During the last three years that are not covered by this study, the situation got worse, not better – with the difference between the income of the top 20% and that of the bottom 20% becoming more pronounced.

People who do not own their own home or who pay rents that are not protected by law are the worst off. These are a small minority of households, but are they to be ignored?

Those who feel they have fallen backward might be the first to dent Muscat’s popularity among the low-income groups – as opposed to his ever increasing popularity among the higher-income groups.

The truth is that at the lower end of the scale, there are people struggling to make ends meet. Ask the parish priests of certain areas that are still economically depressed and you will hear a tale that is very different from the best of times (l-aqwa żmien) touted by the Muscat propaganda machine.

This is a political issue that the Opposition should take up – because it resonates amongst those who have fallen behind.

But the PN has been dragged down into a morass of puerile arguments between factions: those in favour of Adrian Delia in contrast with those against him, and national political issues have been put on the back burner.

The ‘Sette Giugno’

A hundred years have passed since that fatal day in Maltese history: 7 June 1919.

Four people were killed when British troops fired at a rioting crowd in Valletta that attacked the house of a leading Maltese grain importer, and the offices of ‘The Daily Malta Chronicle’, viewed as the leading mouthpiece of the British Empire in Malta.

This riot occurred in a background of unemployment, hunger and an ever-increasing cost of living, including a threefold increase in the price of bread, the staple food of the lower income groups. These events contributed in no small way to the development of democracy in Malta as they eventually led to the first Maltese representative government.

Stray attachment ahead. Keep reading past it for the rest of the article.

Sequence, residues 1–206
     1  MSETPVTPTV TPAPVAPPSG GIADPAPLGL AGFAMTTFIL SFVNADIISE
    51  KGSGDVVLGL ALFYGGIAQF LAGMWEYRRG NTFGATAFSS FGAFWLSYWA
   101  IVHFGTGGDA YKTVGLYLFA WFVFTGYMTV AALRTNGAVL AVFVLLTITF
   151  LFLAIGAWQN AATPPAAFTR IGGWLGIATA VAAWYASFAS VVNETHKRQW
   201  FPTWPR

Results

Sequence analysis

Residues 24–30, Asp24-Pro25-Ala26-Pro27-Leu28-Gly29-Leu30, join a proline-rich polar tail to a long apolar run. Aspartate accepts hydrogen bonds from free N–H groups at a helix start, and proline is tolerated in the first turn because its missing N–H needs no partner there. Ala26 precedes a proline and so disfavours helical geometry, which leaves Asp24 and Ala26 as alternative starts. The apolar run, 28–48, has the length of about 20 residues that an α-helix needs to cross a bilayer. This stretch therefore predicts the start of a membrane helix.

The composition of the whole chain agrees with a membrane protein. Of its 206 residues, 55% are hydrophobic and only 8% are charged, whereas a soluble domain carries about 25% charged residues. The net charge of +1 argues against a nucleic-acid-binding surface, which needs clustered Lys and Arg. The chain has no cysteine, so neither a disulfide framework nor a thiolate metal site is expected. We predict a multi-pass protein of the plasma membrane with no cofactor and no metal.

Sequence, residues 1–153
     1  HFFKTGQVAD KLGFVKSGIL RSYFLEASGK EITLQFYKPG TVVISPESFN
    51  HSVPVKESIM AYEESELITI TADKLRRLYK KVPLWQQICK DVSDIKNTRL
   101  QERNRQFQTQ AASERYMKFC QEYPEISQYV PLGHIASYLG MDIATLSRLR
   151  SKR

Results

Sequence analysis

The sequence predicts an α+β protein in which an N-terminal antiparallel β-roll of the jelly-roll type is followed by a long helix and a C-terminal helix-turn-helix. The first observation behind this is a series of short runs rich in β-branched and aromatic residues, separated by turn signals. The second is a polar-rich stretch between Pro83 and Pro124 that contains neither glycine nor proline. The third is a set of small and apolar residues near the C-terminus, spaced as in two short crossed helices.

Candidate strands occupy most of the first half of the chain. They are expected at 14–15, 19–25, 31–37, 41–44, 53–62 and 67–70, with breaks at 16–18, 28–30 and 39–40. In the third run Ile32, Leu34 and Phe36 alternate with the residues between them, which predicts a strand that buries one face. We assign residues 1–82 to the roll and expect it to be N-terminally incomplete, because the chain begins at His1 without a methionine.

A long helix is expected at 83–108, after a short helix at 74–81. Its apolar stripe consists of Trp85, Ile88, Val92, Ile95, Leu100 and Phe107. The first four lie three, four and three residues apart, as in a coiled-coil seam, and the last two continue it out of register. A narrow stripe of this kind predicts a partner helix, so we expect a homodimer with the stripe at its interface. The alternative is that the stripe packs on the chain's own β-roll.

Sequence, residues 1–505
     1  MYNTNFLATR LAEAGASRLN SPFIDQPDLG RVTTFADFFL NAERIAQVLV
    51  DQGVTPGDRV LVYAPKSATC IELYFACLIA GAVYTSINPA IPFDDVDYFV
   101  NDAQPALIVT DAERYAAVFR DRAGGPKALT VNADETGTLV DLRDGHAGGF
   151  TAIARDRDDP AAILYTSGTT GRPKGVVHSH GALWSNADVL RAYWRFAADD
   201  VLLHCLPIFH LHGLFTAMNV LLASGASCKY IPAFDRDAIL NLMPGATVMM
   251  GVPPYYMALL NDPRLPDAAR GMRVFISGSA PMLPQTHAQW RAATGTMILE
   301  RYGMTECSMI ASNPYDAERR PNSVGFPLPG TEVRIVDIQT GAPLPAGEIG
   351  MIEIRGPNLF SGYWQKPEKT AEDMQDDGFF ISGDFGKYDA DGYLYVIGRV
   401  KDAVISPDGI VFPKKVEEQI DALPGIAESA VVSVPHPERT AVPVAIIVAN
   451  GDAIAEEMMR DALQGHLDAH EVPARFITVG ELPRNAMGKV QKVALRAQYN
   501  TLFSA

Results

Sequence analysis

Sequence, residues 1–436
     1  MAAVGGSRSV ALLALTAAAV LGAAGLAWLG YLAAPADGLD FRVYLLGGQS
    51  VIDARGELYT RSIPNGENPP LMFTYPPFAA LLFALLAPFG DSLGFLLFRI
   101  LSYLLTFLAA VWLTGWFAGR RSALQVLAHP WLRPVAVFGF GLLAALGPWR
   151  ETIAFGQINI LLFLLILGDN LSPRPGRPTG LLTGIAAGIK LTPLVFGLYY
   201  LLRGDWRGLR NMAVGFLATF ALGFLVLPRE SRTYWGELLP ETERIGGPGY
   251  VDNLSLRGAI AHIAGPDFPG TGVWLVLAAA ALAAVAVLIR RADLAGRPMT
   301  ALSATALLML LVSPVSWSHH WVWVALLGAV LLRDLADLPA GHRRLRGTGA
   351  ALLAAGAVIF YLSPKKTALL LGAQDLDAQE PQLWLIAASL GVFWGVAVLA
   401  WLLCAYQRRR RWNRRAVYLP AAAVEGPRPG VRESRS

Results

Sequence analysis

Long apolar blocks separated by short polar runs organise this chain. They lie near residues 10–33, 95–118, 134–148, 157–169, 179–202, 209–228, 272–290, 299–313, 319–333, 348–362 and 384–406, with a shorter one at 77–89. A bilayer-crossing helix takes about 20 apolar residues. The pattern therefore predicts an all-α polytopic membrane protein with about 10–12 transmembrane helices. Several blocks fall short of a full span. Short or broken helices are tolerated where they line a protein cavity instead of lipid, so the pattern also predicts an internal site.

As Professor Henry Frendo puts it in his forthcoming book ‘The Sette Giugno in Maltese history’, it was “a mass manifestation of unrest which was violently suppressed by British troops just as a national congress was demanding self-government.”

Much has been said about this event that we remember every year on June 7 – of the Maltese fight for their political rights.

The riots pushed forward Malta’s quest for a representative government, and cannot be dismissed just as a violent protest by a bunch of criminals – as some have kept saying during the last 100 years.

They miss the wood for the trees, of course. The big picture is much more than that.

Among them, there was the late Daphne Caruana Galizia who once put it this way: “We make so much fuss about the ‘Sette Giugno’ riot as though it was some kind of civil rights uprising, but it wasn’t. It was about the price of bread. Typical: put cheap bread in a Maltese person’s mouth and money in his pocket, and he’s content to live with corruption and abuse, minding his own business and keeping his head down.

How very primitive.” (June 8 2015).

Enough said.